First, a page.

Dried fish and shrimp are a big part of Malaysian cuisine. Caught fresh in the waters around Penang island, the fish are gutted and laid out on racks under the sun to dry. Surprisingly, the smaller ones take only one day to dry out.

An entire shop was dedicated to dried cuttlefish (squid). One man slices it into thin disks while the other one uses a machine to cut it into strips.

Slicing cuttlefish

Putting cuttlefish through the shredder

Eventually, some of dried seafood end up at another store on Prangin Road to be sold in bulk. You should be lucky that the internet hasn't invented Smell-o-Rama because I would have definitely piped through the pungent, fishy odor so that you could experience it yourself.

Top: These were as big as a serving platter
2nd row: Tiny shrimp; bulk scale; Finger-sized fish for MYR12 per kilo

This bulk bin warehouse actually sells a variety of other goods including premade rojak sauce, blocks of belecan paste (salted, fermented ground shrimp) and 10 pound tins of peanut butter.

I was particularly intrigued by these tins of Wheat Molasses. I've used sugar molasses plenty of times, but I had never heard of wheat molasses. Upon closer inspection, the ingredients are wheat, glutinous rice and water. I didn't have a chance to taste it, so I really wonder how close it is to what I know as molasses.

Hmmm.. what to do with all this Wheat Molasses?

The Sweetest Place in George Town
The sugar warehouse confirmed my suspicious that coarse grain sugar (color coded with a green label) is much more available here than the fine grain (pink label) or caster sugar. My daughter who, unbeknownst to me, only ate the dessert cake and sugar sachets on our last airplane flight would be in heaven here.

Sugar piled up to the ceiling

Revitalizing Sia Boey Market
The old, open air market building across the street has sat abandoned for years waiting to be demolished for a development project that never reached fruition. In July 2012, the state announced plans to capitalize on the site's status as a heritage enclave and restore it along with the old Prangin Canal. Who knows what lies in store for this area? Will it strengthen its wholesale business or support Penang's growing tourism? Only time will tell. Until then, we'll just have to take it slow and easy, the old fashion way.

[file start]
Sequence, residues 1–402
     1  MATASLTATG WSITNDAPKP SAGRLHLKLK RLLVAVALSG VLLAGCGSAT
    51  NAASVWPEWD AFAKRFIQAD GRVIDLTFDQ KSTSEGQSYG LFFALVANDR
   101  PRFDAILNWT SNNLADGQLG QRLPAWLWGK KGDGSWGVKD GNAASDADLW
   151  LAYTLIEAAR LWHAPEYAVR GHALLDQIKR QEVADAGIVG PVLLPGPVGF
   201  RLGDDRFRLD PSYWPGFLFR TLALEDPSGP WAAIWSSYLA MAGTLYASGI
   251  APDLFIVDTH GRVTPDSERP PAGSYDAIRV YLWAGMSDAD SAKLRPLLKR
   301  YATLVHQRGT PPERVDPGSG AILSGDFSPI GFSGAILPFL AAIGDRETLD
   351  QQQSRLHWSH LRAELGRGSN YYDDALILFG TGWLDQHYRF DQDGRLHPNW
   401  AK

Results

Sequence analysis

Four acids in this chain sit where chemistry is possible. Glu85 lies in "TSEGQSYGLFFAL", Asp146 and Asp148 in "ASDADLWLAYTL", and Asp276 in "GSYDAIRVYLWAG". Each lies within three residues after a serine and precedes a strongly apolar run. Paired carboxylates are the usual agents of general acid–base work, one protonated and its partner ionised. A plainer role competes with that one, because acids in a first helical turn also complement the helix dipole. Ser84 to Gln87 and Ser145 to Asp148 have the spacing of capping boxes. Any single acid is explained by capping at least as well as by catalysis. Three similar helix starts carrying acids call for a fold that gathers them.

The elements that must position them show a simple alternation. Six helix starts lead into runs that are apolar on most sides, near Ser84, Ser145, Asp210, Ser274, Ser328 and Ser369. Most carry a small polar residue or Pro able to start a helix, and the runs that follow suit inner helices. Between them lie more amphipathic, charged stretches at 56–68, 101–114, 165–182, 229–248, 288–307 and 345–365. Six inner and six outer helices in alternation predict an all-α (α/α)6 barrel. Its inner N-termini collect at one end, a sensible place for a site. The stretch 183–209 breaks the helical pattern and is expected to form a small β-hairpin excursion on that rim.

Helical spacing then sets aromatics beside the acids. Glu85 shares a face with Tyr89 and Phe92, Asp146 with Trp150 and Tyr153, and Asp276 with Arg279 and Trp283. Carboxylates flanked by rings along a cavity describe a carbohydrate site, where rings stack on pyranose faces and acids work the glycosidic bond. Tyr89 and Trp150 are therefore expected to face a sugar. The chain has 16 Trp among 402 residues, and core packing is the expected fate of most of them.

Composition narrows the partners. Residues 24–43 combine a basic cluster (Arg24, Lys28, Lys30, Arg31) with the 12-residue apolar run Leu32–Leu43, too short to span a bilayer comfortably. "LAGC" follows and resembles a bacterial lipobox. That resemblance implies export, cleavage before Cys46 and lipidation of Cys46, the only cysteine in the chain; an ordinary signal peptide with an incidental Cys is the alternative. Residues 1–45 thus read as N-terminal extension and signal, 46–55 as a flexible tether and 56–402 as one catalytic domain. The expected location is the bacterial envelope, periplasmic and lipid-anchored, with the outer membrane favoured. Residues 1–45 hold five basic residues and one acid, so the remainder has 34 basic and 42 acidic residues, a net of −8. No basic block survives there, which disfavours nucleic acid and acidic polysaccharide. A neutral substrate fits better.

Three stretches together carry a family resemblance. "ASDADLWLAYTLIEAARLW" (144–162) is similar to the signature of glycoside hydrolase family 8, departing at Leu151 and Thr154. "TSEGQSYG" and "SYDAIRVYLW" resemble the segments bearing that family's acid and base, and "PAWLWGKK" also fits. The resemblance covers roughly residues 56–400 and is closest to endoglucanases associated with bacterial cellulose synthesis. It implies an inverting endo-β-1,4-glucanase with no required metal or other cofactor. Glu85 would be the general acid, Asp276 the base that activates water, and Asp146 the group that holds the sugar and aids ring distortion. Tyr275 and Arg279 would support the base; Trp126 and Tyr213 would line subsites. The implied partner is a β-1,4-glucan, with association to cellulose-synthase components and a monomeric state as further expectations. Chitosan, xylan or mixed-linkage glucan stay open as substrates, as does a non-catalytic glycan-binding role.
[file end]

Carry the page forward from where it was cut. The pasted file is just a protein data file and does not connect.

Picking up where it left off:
I toured this area as part of the Trishaw Trades Trail tour organized by Spiral Synergy. Michelle Grimsley offers a great look at Penang's heritage past and the endangered trades and businesses that have been here for decades.

Related Posts:
Penang's Vanishing Heritage Trades
Penang Cooking Schools
The Street of Religious Harmony
Ramadan and Penang's Kapitan Keling Mosque

This post is part of Travel Photo Thursday on Budget Travelers Sandbox. Head over there for more around-the-world travel inspiration.

Wednesday, April 10, 2013

Visiting the Long Neck Tribe

These girls have worn neck rings for just a few years. More will be added as they get older.
My daughter lives such a different life than them.

I remember sitting in my suburban Texas home when I was a little girl and reading about the Long Neck Tribes in the remote jungles of Asia. Looking at the explorer journal sketches of women with rings going up their impossibly tall, giraffe-like necks, these people seemed no more real than the inhabitants of Tatooine, Narnia or Middle Earth -- maybe even less so. They were so far removed from my life in the land of cowboys and astronauts. I certainly never thought that I'd one day encounter them face to face.

Baan Tong Luang is an eco-agricultural hill tribes village just outside Chiang Mai, Thailand. It was created in 2005 as a cultural preservation project, tourist attraction, and a way to create income for the hill tribes, many of whom are refugees from Myanmar. Seven distinct tribes are located here including the Padaung people, also called the Kayan Lahwi, a subgroup of the Karen tribe and famous for their women with long, ringed necks. 

Uncurling the rings of the Padaung women

At first, I was hesitant to visit. What if I was contributing to the perpetuation of an outdated custom maintained merely to separate tourists from their money? I wondered if it would feel like a Human Zoo. But then I decided that I never question visits to Australian Aboriginal Cultural Centers, Colonial Williamsburg or other living history museums. Perhaps I should give them the benefit of the doubt and assume that these tribes kept their traditions alive out of pride and wanted to share them with the world.